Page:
(Reuters) - The St. Louis Cardinals rode the brilliant pitching of Adam Wainwright to beat the Pittsburgh Pirates 6-1 and clinch a place in the National League Championship Series on Wednesday.
The Game Five NL Division Series victory, fueled by a pair of big home runs, thrilled the handkerchief-waving home crowd at Busch Stadium and lifted the Cardinals into the NLCS against the Los Angeles Dodgers, which starts in St. Louis on Friday.
“I wanted it bad, I wanted it bad,” said Wainwright, who finished the regular season tied for the NL lead with 19 wins.
“It was probably the most nervous I’ve ever been.”
David Freese, the MVP of the Cardinals’ 2011 World Series triumph, crushed a hanging slider over the fence in left for a two-run homer off Pittsburgh’s rookie starter Gerrit Cole in the second inning to open the scoring, and an RBI-single by John Jay in the sixth made it 3-0.
Wainwright sailed along through six innings, giving up just two hits and one walk, but Pittsburgh broke through in unconventional fashion in the seventh, stringing together three infield hits in a row to cut the Cardinals lead to 3-1.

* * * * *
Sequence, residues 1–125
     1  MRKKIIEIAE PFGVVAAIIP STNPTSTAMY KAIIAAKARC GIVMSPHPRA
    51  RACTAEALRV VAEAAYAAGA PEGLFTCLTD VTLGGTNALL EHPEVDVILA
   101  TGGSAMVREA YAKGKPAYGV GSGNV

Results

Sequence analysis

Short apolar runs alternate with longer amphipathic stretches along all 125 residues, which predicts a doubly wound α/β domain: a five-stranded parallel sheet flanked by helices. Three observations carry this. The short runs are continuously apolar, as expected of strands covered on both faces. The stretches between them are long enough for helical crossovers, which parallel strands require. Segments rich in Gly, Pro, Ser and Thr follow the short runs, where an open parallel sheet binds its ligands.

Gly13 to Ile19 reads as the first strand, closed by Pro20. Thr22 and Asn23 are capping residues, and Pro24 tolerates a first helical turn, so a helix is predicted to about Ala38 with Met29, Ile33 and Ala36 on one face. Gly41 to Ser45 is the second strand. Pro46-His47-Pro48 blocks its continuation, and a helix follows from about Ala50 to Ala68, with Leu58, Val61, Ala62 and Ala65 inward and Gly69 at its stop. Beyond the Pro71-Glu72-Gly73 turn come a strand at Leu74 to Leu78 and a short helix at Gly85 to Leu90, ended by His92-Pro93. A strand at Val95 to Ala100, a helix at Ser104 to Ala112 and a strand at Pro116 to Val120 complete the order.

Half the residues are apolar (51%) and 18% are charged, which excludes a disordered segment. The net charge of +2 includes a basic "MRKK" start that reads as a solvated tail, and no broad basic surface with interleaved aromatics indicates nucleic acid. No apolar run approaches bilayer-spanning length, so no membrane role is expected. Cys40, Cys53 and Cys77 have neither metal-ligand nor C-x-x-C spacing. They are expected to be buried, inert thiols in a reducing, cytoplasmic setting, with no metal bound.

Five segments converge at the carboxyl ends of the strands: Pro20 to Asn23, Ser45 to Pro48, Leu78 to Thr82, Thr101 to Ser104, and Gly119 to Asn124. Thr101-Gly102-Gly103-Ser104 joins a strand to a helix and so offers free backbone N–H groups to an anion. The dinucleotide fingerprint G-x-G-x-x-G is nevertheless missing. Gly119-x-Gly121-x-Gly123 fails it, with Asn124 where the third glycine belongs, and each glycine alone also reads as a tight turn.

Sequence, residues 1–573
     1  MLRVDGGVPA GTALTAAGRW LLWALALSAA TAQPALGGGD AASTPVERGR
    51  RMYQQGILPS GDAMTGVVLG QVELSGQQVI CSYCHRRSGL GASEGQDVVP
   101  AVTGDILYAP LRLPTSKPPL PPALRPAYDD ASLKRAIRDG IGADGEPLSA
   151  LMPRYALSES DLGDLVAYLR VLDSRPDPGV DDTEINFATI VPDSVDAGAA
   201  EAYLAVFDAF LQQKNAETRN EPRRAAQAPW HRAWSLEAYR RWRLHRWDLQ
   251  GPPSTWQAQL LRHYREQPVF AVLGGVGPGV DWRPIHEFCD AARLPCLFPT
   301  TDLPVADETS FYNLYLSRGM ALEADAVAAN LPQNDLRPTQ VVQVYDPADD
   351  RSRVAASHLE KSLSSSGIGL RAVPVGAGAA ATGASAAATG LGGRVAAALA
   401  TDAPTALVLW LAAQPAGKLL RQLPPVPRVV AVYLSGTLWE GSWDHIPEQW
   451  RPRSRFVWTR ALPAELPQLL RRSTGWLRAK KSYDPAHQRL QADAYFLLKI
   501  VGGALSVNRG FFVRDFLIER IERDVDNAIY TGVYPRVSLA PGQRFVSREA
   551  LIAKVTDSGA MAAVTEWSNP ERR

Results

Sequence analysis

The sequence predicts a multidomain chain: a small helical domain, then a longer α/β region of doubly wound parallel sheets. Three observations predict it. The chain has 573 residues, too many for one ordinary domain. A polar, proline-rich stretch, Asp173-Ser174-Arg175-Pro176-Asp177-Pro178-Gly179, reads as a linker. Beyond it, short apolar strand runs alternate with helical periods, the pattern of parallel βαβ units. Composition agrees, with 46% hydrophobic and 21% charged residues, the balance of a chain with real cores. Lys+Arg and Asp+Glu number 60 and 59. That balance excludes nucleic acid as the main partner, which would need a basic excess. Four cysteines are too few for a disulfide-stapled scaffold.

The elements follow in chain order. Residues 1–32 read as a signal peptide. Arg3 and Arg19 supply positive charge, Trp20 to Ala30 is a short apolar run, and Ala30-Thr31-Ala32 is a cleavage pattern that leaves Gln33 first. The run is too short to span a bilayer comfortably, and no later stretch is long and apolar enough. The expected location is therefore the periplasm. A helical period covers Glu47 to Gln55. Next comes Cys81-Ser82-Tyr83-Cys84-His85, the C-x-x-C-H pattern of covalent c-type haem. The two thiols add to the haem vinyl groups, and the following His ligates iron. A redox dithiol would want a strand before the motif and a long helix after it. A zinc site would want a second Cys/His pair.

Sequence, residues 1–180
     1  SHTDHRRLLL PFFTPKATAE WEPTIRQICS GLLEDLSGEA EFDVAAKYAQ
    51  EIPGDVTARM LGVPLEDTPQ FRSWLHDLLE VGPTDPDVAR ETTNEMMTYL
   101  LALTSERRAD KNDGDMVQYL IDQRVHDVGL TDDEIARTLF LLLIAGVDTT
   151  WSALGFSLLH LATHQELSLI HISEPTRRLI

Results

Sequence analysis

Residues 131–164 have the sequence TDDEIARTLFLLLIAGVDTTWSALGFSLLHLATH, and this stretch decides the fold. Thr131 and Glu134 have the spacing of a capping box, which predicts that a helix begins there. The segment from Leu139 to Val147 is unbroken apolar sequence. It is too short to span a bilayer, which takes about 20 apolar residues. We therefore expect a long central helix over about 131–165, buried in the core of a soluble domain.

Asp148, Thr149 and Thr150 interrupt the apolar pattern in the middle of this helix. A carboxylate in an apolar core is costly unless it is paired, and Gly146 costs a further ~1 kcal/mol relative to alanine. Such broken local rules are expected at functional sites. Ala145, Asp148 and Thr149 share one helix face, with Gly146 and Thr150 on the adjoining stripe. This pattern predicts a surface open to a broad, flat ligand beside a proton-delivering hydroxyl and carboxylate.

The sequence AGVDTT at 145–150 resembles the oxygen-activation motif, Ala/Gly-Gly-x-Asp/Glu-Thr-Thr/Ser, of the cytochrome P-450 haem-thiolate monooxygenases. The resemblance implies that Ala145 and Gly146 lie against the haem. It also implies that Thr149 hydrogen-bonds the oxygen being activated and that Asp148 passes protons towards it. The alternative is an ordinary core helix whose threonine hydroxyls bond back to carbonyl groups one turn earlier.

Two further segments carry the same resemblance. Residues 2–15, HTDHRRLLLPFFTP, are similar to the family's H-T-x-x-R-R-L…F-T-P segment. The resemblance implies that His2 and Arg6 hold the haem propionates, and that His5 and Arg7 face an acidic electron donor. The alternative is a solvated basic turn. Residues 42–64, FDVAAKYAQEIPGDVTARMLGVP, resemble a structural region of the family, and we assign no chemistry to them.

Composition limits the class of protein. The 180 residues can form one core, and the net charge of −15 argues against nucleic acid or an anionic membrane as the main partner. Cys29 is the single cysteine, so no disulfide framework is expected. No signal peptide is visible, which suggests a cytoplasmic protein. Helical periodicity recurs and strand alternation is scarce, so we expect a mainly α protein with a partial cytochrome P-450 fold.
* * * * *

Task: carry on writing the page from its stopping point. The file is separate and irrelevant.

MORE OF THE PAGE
Wainwright went the full nine innings, giving up eight hits and just the one run.
St. Louis removed any suspense in the eighth when first baseman Matt Adams followed a Matt Holliday single with a towering blast deep into the right-field seats off reliever Mark Melancon and the sea of red-clad fans began their celebration as the Cards tacked on another run for good measure.
Wainwright struck out slugger Pedro Alvarez on one of his trademark curves with two men on base in the ninth to seal the Cards’ 3-2 series win, igniting a party on the diamond under a canopy of fireworks.
The St. Louis starter was helped by some deft fielding as the Cards turned three double plays, including two off line drives that were caught and had runners doubled off base.
“Our guys made great plays after great plays behind me and all I had to do was execute pitches,” said the right-hander.
It was a disappointing end for the wild card Pirates, who were in the playoffs for the first time in 21 years.
The do-or-die series final marked the 24th meeting this season between the NL Central rivals and the clubs split them 12-12.
“Whenever we turned around, Wainwright got in the way,” said Pittsburgh manager Clint Hurdle. “He kept making pitches.”
Reporting by Larry Fine in New York, Editing by Peter Rutherford